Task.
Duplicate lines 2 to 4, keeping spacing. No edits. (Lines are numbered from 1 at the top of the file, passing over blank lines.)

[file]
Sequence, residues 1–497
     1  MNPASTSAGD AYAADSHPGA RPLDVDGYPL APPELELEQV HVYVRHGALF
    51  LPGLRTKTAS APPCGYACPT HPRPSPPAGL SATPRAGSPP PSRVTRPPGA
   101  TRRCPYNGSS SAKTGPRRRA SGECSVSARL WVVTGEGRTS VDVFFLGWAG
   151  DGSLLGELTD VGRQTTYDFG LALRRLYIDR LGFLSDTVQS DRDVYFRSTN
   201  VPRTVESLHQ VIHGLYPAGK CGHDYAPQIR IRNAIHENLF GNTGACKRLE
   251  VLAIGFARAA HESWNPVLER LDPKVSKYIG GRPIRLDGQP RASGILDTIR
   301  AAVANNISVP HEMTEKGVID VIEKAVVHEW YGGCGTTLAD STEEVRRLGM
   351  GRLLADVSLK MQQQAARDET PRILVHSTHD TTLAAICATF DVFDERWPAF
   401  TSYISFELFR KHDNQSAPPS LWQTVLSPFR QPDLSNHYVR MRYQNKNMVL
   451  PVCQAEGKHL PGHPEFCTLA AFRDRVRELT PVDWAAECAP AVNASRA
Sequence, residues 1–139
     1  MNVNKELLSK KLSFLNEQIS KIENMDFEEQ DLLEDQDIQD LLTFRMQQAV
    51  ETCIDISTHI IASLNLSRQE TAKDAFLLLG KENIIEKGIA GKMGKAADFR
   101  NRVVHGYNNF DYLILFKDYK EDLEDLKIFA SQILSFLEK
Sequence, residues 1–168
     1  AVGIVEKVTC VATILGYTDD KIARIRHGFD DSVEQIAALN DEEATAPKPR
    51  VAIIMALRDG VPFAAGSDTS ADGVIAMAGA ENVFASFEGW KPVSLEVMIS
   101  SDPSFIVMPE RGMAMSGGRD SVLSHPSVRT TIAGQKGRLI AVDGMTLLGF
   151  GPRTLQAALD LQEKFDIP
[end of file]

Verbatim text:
     1  MNPASTSAGD AYAADSHPGA RPLDVDGYPL APPELELEQV HVYVRHGALF
    51  LPGLRTKTAS APPCGYACPT HPRPSPPAGL SATPRAGSPP PSRVTRPPGA
   101  TRRCPYNGSS SAKTGPRRRA SGECSVSARL WVVTGEGRTS VDVFFLGWAG